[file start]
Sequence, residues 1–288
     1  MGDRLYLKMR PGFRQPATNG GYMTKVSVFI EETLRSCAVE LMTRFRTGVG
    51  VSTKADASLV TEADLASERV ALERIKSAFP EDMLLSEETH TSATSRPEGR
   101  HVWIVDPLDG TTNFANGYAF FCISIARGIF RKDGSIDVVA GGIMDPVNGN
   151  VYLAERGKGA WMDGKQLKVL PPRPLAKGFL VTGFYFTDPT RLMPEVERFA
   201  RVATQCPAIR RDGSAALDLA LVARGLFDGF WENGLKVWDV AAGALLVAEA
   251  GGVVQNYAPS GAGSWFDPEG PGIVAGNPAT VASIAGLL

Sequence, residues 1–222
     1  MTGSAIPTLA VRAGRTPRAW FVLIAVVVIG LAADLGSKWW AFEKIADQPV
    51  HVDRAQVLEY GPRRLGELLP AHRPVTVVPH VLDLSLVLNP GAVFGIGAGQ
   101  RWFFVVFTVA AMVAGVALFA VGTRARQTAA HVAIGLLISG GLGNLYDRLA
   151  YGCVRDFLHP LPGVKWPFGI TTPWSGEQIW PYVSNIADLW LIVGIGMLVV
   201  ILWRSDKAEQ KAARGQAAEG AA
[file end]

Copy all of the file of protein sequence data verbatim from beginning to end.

Sequence, residues 1–288
     1  MGDRLYLKMR PGFRQPATNG GYMTKVSVFI EETLRSCAVE LMTRFRTGVG
    51  VSTKADASLV TEADLASERV ALERIKSAFP EDMLLSEETH TSATSRPEGR
   101  HVWIVDPLDG TTNFANGYAF FCISIARGIF RKDGSIDVVA GGIMDPVNGN
   151  VYLAERGKGA WMDGKQLKVL PPRPLAKGFL VTGFYFTDPT RLMPEVERFA
   201  RVATQCPAIR RDGSAALDLA LVARGLFDGF WENGLKVWDV AAGALLVAEA
   251  GGVVQNYAPS GAGSWFDPEG PGIVAGNPAT VASIAGLL

Sequence, residues 1–222
     1  MTGSAIPTLA VRAGRTPRAW FVLIAVVVIG LAADLGSKWW AFEKIADQPV
    51  HVDRAQVLEY GPRRLGELLP AHRPVTVVPH VLDLSLVLNP GAVFGIGAGQ
   101  RWFFVVFTVA AMVAGVALFA VGTRARQTAA HVAIGLLISG GLGNLYDRLA
   151  YGCVRDFLHP LPGVKWPFGI TTPWSGEQIW PYVSNIADLW LIVGIGMLVV
   201  ILWRSDKAEQ KAARGQAAEG AA